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Hall of Fame Military Spotlight Series: Willard Brown

Willard Brown was an outstanding baseball player and Soldier. He was a monumental player in the Negro Leagues, known as “Home Run” Brown to other players. He embodied valor and strength throughout his service and in his playing career.

Most of Brown’s playing career was spent in the Negro Leagues, with the Kansas City Monarchs. He won six Negro American League Championships from 1937-1946 and the Negro World Series in 1942 with the Monarchs.

In 1944, Brown began his service in the United States Army in the European Theatre. Brown was on one of the 5000 ships that crossed the English Channel during the invasion of Normandy. A member of the Quartermaster Corps, he was not in combat but was engaged in hauling ammunition and guarding prisoners. He was transferred to Special Services in France, where he was recruited by Phillies pitcher Sam Nahem to play for the OISE All-Stars, who represented the communications zone in the 1945 ETO World Series.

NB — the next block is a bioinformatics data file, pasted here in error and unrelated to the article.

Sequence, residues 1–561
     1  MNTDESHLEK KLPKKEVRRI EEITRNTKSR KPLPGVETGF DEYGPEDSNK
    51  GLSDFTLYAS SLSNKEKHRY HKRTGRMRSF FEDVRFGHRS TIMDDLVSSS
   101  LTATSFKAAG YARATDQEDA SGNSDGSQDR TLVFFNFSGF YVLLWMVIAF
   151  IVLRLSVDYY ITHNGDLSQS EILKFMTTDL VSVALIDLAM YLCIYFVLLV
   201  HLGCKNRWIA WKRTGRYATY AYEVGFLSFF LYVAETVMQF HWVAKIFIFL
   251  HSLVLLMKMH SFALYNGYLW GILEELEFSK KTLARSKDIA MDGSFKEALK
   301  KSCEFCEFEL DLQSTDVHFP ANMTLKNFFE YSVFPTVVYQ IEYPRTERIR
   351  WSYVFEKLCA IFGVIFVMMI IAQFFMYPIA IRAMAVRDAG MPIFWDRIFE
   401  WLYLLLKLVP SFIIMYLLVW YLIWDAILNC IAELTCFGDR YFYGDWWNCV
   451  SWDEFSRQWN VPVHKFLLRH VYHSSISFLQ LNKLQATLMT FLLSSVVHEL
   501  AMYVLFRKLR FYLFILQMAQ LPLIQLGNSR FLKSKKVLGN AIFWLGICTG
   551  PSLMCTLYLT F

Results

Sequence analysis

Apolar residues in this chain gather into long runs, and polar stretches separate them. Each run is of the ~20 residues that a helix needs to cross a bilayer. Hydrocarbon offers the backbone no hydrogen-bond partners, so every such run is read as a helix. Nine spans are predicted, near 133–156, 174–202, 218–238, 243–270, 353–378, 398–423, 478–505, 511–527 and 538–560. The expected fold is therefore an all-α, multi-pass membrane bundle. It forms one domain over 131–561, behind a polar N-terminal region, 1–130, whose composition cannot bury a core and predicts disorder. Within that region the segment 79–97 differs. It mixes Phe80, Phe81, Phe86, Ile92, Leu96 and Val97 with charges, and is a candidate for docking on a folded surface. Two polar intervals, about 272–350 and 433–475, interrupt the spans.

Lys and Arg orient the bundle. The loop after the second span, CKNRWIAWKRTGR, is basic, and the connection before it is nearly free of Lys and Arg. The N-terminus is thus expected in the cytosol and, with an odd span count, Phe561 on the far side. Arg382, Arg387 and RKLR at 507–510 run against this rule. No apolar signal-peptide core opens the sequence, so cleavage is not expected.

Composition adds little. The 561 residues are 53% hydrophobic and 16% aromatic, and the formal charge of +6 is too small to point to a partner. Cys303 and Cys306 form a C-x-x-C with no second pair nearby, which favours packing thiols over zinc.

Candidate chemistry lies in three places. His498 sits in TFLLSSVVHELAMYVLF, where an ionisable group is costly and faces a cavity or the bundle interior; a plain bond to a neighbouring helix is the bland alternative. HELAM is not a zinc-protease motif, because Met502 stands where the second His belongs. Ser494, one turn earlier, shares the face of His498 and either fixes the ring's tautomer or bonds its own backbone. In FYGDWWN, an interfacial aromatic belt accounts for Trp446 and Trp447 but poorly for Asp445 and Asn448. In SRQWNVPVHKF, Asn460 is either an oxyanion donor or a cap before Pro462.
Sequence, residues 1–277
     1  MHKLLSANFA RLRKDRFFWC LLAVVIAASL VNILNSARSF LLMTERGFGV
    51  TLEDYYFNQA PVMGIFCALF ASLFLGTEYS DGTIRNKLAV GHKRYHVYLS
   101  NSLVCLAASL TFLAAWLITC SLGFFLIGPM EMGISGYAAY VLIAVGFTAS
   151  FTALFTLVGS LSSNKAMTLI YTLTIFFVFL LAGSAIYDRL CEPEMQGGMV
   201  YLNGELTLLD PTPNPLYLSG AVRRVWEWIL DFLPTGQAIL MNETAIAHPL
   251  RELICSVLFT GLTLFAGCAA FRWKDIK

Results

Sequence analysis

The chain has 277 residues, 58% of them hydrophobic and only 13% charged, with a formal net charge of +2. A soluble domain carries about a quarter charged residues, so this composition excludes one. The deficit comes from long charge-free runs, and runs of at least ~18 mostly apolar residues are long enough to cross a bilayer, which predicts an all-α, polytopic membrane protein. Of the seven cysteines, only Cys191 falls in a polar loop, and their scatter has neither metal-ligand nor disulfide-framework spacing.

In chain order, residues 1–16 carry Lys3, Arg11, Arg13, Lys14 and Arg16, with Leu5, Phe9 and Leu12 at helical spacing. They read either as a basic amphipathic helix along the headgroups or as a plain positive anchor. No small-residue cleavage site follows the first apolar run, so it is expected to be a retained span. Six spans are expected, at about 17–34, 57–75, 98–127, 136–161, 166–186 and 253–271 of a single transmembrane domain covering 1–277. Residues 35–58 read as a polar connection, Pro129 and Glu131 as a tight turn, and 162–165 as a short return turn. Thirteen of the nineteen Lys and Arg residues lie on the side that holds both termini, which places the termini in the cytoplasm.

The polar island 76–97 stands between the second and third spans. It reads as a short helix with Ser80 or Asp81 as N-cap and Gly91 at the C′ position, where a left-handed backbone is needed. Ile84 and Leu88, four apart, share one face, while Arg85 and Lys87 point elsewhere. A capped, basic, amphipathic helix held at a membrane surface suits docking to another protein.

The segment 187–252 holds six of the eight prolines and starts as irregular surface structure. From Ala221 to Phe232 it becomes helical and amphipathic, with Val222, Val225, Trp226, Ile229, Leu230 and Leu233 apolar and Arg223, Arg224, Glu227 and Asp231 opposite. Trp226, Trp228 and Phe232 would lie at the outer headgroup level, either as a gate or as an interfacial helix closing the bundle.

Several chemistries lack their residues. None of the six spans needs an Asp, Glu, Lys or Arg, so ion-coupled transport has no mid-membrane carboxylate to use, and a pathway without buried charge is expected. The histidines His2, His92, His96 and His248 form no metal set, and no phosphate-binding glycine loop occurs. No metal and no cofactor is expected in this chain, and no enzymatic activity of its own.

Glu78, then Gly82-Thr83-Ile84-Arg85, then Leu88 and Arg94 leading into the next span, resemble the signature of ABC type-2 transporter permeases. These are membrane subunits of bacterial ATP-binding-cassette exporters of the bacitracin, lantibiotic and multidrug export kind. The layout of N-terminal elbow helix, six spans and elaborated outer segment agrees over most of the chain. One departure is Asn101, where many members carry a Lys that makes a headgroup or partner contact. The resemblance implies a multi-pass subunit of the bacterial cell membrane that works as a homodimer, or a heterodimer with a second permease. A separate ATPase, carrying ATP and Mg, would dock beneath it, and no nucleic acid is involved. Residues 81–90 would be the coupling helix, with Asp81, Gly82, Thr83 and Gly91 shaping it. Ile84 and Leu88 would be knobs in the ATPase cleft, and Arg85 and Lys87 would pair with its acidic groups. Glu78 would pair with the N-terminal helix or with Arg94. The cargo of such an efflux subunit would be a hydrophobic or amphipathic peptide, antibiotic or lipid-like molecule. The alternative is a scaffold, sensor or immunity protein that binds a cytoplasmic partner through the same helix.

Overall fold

The OISE All-Stars were underdogs, but they did have the talent of Brown, Nahem, and Leon Day. They faced Ewell Blackwell and the Red Circlers in the first game of the World Series. They lost the first game at Soldier Field in Nurnberg, Germany, but went on to win the next two games, with the third game being played on the All-Stars’ home turf in Rheims, France. The Red Circles tied the series with the fourth game, but the OISE All-Stars came away with the World Series win in the fifth game, thanks to key performances from Brown and Day.

Brown returned to the Kansas City Monarchs in 1946 and eventually joined the Major Leagues in 1947, after Jackie Robinson broke the color barrier. Brown played for the St. Louis Browns for just one season but was the first African American to hit a home run in the American League.

Brown was elected to the Baseball Hall of Fame by the Special Committee in 2006. He played an integral role in overcoming the adversity that African Americans faced in baseball. He is recognized by the Foundation for his consistent demonstration of valor and commitment that he displayed on the baseball diamond and throughout his military service.



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